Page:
The opponents of net neutrality claim that oversight and government regulation will undermine competition and innovation by tying the hands of the companies. They believe that ISPs should be trusted to implement open internet rules by themselves. But ISPs already have a track record of undermining net neutrality when left to their own devices, which means they will only make it worse without an adult in the room.

Also, investment in broadband companies has remained steady and their stocks has continued to rise in value in spite of net neutrality rules, which means that open internet is no threat to their business.

They also dismiss the concerns of net neutrality advocates as being hypothetical. I don’t know about you, but I would rather prevent the hypothetical than see it turn into reality before reacting to it.

On the other hand, proponents of net neutrality argue that when users pay for internet connectivity, they should gain access to all of it, not a curated version of it. They also claim that paid prioritization will undermine competition against smaller companies, who will have a hard time competing with larger companies in bidding for better traffic.

Denelle Dixon, Mozilla Chief Legal and Business Officer and a vocal supporter of net neutrality, says net neutrality is crucial to the future of the internet because it “prohibits ISPs from engaging in prioritization, blocking or throttling of content and services online. As a result, net neutrality serves to enable free speech, competition, innovation and user choice online.”

So far so good. But ironically, among those who back this argument are giants such as Google, Facebook, and Amazon, companies that have been killing competition for years and have deep-enough pockets to make them the winners of any paid prioritization competition.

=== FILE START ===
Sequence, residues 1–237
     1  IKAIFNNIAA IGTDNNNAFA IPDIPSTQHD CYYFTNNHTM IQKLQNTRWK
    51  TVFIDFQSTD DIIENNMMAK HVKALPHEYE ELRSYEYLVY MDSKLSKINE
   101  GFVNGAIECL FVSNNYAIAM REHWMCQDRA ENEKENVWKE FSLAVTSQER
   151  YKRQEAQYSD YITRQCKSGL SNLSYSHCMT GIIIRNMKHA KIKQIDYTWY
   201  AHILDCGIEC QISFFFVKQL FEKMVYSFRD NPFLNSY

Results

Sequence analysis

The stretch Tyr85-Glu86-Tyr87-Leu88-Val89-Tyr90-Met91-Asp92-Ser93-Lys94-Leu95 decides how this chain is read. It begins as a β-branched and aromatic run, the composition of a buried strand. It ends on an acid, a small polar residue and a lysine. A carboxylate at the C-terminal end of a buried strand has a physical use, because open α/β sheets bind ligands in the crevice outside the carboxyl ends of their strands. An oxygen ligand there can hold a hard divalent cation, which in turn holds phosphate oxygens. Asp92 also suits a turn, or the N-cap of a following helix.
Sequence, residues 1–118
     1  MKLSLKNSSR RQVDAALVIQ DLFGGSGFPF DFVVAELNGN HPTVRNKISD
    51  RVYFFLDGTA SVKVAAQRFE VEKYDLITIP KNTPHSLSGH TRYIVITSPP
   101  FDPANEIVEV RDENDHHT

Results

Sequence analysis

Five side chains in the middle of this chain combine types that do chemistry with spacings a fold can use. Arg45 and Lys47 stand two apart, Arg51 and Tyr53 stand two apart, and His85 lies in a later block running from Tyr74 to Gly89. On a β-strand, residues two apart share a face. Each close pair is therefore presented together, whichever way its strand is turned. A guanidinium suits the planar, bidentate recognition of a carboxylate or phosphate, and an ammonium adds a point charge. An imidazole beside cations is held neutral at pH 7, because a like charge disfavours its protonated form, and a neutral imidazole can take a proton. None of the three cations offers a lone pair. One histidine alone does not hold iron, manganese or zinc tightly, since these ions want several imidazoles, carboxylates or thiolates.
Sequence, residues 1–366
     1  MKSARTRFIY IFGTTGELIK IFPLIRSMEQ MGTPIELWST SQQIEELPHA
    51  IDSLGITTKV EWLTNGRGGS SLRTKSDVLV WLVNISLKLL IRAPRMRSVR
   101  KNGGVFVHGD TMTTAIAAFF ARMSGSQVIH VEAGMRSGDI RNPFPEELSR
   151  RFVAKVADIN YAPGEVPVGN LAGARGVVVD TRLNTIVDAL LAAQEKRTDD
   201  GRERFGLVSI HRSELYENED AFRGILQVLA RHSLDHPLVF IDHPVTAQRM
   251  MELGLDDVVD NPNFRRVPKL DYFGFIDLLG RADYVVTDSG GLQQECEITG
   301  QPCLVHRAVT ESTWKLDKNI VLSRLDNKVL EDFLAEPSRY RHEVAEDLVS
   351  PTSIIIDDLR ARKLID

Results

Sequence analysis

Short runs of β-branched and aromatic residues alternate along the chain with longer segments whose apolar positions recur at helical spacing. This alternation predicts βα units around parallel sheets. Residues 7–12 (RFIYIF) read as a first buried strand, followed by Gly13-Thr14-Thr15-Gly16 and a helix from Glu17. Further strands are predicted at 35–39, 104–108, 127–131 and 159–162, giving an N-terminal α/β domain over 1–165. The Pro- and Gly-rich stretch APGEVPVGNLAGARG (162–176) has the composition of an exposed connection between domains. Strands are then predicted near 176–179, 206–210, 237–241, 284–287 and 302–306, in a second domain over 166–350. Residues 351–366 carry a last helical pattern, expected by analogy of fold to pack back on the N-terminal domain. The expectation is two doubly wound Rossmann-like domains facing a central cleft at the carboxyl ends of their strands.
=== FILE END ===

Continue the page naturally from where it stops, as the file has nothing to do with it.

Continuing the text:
These companies already have so many other footholds into consumers’ lives that they wouldn’t need to be paid prioritization to eliminate upstarts from the competition. Facebook’s imitation of the features of Snapchat, which in its own right is not a small company, is just one such example.

In a statement, video streaming giant Netflix said, “Netflix’s position remains the same: we support strong net neutrality protections, even if we are at less risk because of our popularity. For years, we have been supporting through the Internet Association, and earlier this year, we outlined our support in our Q4 2016 earnings letter. There are other companies for whom this is a bigger issue, and we’re joining this day of action to ensure the next Netflix has a fair shot to go the distance.”

In this light, paid prioritization can be to the detriment of the bigger companies because smaller companies would find an opportunity to pay up and speed past the big players, which in turn would have to make a higher bid and incur more costs to get back the audience they already have.

(Disclaimer: I think paid prioritization is a stupid thing and I’m in total favor of net neutrality. But I just hate it when big tech companies try to feign fairness and support for the smaller companies that they’re constantly crushing. They ruin it for all the honest supporters.)

Final thoughts

As the internet becomes an inherent part of everyone’s lives, net neutrality will become crucial. But it is a really complicated issue, both politically and technically. However, the debate turns out in the next few days and months will be important for the future of the internet.

  • This article was originally published on Tech Talks. Read the original article here.